Canada West’s new ‘tiered’ basketball divisions anger UFV community: Evered

UFV president Mark Evered's letter to his counterparts at Canada West universities called for a reversal of "tiered" basketball divisions.

The following is an open letter to the presidents of Canada West universities sent in October by UFV president Mark Evered, pertaining to the new unbalanced basketball divisions approved for 2014-15 by the conference.



I seek your help on a matter of fairness and sportsmanship. It involves a recent decision made by the delegates appointed by us as presidents to represent us as members of the Canada West Universities Athletic Association (the western division of Canadian Interuniversity Sport, CIS). It illustrates the problems that a decision made by CIS or one of its divisions can create for our universities and for the students and communities we serve.

There has been significant growth in the number of Canada West member universities, clearly a good thing for sport in Canada and the communities we serve. This growth has challenged the scheduling of competitions between universities, however.  Our concern is with the solution chosen for basketball in the western Canadian division.

The format chosen splits the 17 competing institutions into two unequal divisions – a “Pioneer Division” consisting of the 11 schools who were full Canada West members before April 2010, and an “Explorer Division” consisting of the 6 newest members (Thompson Rivers University, University of the Fraser Valley, University of British Columbia Okanagan, University of Northern British Columbia, Mount Royal University, and MacEwan University).

To the best of my knowledge, such tiering within a division is a first for CIS. While the term “tiering” has been avoided, this is the outcome in all respects. It is certainly the way our current students, recruits, parents, coaches, and our community see this. Membership in either the “senior’’ or “junior” league is to be based not on academic or athletic ability but on the date of membership in Canada West.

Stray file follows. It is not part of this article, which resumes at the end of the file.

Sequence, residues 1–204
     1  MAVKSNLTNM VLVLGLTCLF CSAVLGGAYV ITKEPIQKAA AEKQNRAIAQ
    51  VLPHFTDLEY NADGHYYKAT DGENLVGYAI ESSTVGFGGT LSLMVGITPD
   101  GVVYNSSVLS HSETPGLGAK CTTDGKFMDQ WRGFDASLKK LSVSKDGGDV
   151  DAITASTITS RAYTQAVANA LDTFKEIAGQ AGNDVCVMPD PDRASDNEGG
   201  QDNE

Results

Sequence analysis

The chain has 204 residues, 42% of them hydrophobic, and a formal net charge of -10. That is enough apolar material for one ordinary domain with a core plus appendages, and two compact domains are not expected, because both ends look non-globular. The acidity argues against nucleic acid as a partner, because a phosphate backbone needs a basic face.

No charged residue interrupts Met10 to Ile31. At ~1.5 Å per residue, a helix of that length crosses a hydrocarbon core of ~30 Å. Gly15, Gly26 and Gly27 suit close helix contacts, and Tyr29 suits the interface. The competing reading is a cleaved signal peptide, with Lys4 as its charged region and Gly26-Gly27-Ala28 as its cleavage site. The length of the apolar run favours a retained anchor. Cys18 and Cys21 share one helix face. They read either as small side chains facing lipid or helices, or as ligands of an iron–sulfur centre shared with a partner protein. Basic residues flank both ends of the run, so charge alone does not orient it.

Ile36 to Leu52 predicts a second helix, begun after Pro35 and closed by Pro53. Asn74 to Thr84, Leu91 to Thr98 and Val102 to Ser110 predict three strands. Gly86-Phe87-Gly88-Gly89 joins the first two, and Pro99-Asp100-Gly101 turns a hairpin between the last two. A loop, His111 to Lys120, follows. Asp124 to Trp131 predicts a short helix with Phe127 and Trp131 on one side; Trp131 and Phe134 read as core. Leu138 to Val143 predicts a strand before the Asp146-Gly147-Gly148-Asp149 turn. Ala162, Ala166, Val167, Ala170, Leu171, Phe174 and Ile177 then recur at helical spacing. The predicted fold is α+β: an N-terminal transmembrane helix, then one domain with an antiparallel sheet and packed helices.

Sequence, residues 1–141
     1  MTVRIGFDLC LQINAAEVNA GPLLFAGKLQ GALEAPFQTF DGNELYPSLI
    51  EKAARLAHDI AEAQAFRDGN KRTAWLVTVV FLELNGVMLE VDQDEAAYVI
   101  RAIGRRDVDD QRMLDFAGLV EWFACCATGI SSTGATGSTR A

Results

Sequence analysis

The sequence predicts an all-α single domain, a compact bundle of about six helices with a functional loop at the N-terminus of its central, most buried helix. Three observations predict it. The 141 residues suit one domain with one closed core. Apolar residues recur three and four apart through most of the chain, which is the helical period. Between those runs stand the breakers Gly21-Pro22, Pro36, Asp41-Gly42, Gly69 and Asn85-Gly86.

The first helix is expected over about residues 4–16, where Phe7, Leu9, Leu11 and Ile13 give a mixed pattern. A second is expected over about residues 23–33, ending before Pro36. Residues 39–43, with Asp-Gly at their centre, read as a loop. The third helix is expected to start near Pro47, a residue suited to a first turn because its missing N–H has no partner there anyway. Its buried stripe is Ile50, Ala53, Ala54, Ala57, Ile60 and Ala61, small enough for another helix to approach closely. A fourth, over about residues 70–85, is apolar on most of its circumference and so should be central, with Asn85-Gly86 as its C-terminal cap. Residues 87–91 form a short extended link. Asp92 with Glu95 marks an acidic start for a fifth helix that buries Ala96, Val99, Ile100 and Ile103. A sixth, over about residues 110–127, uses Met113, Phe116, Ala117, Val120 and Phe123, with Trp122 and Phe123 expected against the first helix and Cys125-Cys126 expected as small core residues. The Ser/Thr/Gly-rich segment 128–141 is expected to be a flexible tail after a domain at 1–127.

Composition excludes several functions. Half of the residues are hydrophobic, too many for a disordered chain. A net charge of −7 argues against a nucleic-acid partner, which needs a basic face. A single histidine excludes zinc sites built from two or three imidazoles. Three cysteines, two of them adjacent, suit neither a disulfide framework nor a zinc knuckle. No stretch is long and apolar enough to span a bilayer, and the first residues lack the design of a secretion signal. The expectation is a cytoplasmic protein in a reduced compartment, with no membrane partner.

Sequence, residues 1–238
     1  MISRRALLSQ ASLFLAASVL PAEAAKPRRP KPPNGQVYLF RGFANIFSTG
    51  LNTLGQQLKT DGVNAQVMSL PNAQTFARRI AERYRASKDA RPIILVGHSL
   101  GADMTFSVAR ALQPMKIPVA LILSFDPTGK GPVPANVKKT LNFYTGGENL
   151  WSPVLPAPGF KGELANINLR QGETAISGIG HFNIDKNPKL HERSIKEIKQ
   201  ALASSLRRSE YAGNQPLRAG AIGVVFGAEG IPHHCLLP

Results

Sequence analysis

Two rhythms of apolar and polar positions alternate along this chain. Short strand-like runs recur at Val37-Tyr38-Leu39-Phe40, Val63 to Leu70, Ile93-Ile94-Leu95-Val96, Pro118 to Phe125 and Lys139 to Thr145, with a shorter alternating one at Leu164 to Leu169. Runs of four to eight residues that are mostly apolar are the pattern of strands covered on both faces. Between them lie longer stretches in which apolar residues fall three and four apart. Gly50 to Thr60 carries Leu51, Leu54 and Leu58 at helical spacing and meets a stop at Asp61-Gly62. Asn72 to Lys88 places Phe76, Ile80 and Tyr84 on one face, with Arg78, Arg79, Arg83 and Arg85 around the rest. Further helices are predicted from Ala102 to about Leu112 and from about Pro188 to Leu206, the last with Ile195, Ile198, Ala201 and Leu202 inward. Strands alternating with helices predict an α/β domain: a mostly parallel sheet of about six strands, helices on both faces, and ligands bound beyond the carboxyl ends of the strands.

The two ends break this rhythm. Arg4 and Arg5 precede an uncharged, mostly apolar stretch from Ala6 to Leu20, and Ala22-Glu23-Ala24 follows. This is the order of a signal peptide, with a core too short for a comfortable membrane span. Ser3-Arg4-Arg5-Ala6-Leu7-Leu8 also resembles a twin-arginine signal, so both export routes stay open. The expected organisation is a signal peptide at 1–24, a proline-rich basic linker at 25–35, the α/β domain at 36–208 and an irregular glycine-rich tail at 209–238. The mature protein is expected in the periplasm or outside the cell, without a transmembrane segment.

Without doubt, this decision will impact student choices and our ability to recruit and retain young athletes, our reputation, and  our contributions to the athletic development  of our region. To say that members of our community are angry about this is an understatement.

I hope you also share my concern about process. Only two of the six members of the “Explorer Division” universities could vote on this matter directly affecting them (TRU and UFV); the others had no vote because of their probationary status in Canada West. The process and decision certainly seem at odds with the commitment by CIS to equity and equality of experience for member  institutions and student athletes (Value 5 in CIS By-Laws, Policies and Procedures, 2009).

I note that a different solution to the same problem was chosen by Canada West for soccer competitions: two geographic divisions were created within the western  provinces, with each subdivision representing similar numbers  of schools. It is a solution that is far better in terms of scheduling efficiencies and travel cost management.

On behalf of UFV, our Board of Governors, and our community, my delegates are seeking reconsideration of this decision when Canada West meets later this month (shortly after our AUCC meeting). I would be grateful if you would discuss our concern with your delegates. I would be pleased to discuss this further with you when we meet next week in Ottawa.

Mark D. Evered, Ph.D. President and Vice-Chancellor

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